Hopkins-Froch Great fight? Or Bad style Match Up

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102114-Sports-Bernard-Hopkins-Sergey-KovalevBernard Hopkins has been boxing professionally for the past 27 years. At 50 years of age, Hopkins is still one of the world’s best fighters, despite taking a colossal beating at the hands of Sergey Kovalev, in October last year.

According to Matchroom Sports promoter Eddie Hearn, the fans want to see Carl Froch in the ring against Bernard Hopkins in 2015.
Is it feasible that the fans want to see ‘The Alien’ in the ring one more time? Absolutely. But, is it an articulate idea? Not in the slightest.

Hopkins (55-7, 32 KO) lost his first professional bout, but returned to become one of the greatest boxers of this generation, defending his IBF middleweight title 20 times, before a pair of controversial losses to Jermain Taylor, in 2005.

With the one-sided loss to Kovalev this past November, it is unknown whether Hopkins will ever be the same, but B-Hop is still calling out the world’s best.

Froch has been winning, but his hunger and desire to continue fighting in the sport, has been called into question.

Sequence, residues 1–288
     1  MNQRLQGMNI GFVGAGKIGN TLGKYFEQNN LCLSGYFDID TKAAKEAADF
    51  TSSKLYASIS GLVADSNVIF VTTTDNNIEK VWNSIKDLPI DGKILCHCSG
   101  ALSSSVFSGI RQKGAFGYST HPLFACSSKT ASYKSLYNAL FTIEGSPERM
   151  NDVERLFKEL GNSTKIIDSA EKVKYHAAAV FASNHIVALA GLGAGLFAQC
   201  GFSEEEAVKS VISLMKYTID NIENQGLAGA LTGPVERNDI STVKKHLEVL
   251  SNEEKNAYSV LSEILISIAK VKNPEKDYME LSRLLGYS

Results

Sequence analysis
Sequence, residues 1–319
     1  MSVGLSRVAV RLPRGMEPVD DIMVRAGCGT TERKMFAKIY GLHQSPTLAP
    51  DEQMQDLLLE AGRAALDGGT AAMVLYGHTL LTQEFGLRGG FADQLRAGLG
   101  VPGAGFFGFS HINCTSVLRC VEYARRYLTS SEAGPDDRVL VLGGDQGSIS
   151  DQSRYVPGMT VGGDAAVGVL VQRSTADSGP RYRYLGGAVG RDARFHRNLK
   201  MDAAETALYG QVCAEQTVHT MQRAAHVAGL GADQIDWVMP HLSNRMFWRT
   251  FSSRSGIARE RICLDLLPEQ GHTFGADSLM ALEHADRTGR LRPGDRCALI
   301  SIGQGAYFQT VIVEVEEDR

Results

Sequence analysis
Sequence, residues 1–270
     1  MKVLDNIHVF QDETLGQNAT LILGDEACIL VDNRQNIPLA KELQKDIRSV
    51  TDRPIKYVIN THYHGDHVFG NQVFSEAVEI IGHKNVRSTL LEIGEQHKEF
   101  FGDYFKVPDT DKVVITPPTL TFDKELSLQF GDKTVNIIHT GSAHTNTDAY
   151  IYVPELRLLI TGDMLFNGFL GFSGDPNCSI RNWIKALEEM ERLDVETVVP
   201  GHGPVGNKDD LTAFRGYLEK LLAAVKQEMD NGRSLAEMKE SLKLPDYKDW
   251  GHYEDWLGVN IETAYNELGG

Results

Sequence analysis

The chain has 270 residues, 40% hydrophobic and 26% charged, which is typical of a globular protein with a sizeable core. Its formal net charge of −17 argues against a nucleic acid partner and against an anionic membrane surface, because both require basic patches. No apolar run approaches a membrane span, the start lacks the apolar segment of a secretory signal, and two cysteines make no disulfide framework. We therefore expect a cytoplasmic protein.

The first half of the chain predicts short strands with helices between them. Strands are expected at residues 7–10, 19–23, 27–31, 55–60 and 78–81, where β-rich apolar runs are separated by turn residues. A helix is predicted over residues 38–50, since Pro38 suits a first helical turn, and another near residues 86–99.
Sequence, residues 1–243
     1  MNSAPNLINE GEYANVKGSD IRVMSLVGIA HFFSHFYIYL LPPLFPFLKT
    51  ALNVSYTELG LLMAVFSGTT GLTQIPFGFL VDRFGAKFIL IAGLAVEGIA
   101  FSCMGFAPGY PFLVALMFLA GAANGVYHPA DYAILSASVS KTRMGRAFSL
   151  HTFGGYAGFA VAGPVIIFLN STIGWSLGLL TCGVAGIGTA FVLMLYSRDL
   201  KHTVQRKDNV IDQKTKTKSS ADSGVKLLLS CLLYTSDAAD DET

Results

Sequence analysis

With that being said, this is a recipe for a bad entree; a wasabi in your eye traumatic experience, which is a feeling that one will never forget.
Styles make fights, and while this fight looks tremendous on paper, I am 100 percent positive this would be quite the contrary.

Froch’s legacy is defined by his ability to battle through adversity, which he proved by knocking out Jermain Taylor in the waning seconds of their bout, in 2012. Needing a KO to win, Froch got the job done.

In his first bout against George Groves, Froch took a monstrous left hand in the first; one that dropped him to the canvas for only the second time in his career, but he battled back.

Froch began to wear down Groves as the fight went on, forcing the referee to stop the fight, albeit some saw it as a premature stoppage.
Bernard Hopkins is notorious for making others fight his fight, and both men are notorious for using the outside of the ring effectively; meaning someone has to engage. Hopkins, I guarantee you, will not be the one doing the engaging.

Given Froch’s lack of hand speed and defense, Hopkins will run circles around him, using the lead right and dirty tactics on the inside.
I still think Froch would win a very close decision, but there would be nothing to gain from this bout. Furthermore, there are just too many unknowns and with both men considering retirement, this is a fight that should not happen.

The only thing Hopkins has not done in his career is get knocked out. Let’s hope he chooses retirement.